In truth, that has been my experience among my fellow Christians and Quakers. There are those of us who will be open to what we hear from other kinds of Christians and those who are not Christian. It may be an exercise, as what we hear may deeply trouble us. But we do contemplate, research, ask around, and pray on what we learn about others and ourselves. Those Evangelicals who have listened to me share my experience of Jesus and how I don’t call him “Lord” and who I can tell are thinking about what I say don’t reject me, even if they don’t agree with my experience or conclusions. Then there are those of us who immediately put a wall up to all things uncomfortable, contrary to our experience or which call into question the very core of our traditions. Easily we damn, dismiss, condemn, or rationalize that which we do not want to or cannot consider. We turn to our Bibles, our Faith and Practice, Quaker history books, or we team up with others like us against that which troubles us. We don’t use our God-given minds, trying to learn and understand that which is different or threatening. We don’t listen with our hearts, letting the Light guide us. We shun. We don’t seek to make peace, but instead we schism and judge.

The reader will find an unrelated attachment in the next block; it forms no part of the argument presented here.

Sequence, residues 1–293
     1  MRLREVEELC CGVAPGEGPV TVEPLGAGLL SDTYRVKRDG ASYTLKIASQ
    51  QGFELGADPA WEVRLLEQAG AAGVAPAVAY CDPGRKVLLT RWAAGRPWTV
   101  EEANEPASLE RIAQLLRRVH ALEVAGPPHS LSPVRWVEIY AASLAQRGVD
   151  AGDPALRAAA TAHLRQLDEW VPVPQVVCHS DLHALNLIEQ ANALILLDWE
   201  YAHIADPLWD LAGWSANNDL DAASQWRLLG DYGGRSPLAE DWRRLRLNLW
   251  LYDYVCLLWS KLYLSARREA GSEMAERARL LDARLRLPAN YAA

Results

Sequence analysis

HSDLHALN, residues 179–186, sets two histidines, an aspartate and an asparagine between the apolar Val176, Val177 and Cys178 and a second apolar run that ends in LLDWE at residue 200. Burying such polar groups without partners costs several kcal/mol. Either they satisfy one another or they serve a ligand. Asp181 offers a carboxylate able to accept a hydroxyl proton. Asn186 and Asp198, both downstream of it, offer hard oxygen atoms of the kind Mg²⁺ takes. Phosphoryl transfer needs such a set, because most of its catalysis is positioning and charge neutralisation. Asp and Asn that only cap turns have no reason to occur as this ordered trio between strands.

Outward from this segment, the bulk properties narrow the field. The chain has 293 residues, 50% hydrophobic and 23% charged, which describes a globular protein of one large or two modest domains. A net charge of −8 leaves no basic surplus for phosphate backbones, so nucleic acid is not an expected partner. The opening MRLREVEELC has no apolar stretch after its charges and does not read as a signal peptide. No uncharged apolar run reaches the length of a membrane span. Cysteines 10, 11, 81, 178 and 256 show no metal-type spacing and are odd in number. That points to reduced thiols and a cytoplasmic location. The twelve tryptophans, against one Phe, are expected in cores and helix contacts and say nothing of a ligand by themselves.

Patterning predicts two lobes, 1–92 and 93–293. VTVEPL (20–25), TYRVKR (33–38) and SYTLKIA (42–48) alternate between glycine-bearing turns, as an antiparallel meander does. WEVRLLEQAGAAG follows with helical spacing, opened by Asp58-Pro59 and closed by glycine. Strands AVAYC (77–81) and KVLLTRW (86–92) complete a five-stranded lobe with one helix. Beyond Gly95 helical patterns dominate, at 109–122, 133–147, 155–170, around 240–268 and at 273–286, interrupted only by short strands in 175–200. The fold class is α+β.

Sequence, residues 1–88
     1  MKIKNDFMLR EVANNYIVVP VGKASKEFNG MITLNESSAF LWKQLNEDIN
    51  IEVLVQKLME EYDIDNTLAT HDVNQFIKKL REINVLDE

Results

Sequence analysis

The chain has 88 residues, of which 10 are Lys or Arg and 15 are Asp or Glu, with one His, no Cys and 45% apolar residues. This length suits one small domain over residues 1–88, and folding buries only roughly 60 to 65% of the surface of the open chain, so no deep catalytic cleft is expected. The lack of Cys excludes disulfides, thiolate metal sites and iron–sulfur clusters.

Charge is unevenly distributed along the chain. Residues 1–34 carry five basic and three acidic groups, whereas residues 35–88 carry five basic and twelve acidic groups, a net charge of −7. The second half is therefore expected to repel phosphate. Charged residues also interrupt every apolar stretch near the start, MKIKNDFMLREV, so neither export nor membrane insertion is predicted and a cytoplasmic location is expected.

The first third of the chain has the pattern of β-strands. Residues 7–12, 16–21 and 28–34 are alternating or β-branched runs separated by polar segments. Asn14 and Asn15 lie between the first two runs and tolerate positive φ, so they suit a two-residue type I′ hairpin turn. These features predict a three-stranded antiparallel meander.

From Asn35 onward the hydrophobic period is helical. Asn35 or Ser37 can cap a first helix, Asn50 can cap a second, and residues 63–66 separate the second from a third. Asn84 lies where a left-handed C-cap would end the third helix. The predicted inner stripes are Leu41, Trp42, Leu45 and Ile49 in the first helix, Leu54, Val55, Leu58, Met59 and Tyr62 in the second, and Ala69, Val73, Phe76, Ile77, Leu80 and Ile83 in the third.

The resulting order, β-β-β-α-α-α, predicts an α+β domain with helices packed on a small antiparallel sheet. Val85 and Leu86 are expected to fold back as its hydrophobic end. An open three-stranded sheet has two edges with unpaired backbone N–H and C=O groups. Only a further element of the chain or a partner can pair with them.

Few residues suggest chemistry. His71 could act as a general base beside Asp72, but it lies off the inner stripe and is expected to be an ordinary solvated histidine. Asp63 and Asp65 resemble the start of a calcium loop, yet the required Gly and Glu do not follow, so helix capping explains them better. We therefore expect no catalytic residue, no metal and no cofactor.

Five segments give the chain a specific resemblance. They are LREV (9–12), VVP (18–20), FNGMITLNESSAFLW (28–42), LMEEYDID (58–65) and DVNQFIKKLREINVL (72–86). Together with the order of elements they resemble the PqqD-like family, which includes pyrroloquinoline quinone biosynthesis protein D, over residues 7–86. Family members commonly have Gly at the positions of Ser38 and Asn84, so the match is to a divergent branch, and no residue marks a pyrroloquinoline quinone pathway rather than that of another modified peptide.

Take for example my own hypocrisy: At one point I defended my unprogrammed meeting as the truest form of Quakerism, knowing full well that there are traditions now 150 years old that are not like the one I first knew and that unprogrammed Quakerism today is somewhat of a remnant of the earliest Quaker worship. It took worshipping in a pastoral meeting once and feeling the Spirit to finally put down that prejudice and quit dismissing what I didn’t like (where did I learn that prejudice, anyway? I wasn’t born Quaker)! I’ve condemned others for their rigid orthodox theology when I wouldn’t even budge on reconsidering the traditional (orthodox) Quaker practices! I’ve railed angrily against warmongers fighting for oil without having changed my own consumption habits. I could go on, but some of my skeletons prefer the closet. A friend pointed out one day that she is against the Iraq war, for simplicity, loves all world religions, but in a separate conversation told me that she drives 30 miles each day to a church that she likes better than the one next door to her, needs the big car to haul her children to the relatively upscale private school they all attend, and can’t stand Christians with their “our way or the high way mentality.” I still haven’t figured out how to get her to think about that, but I am busy at the moment with the plank in my own eye.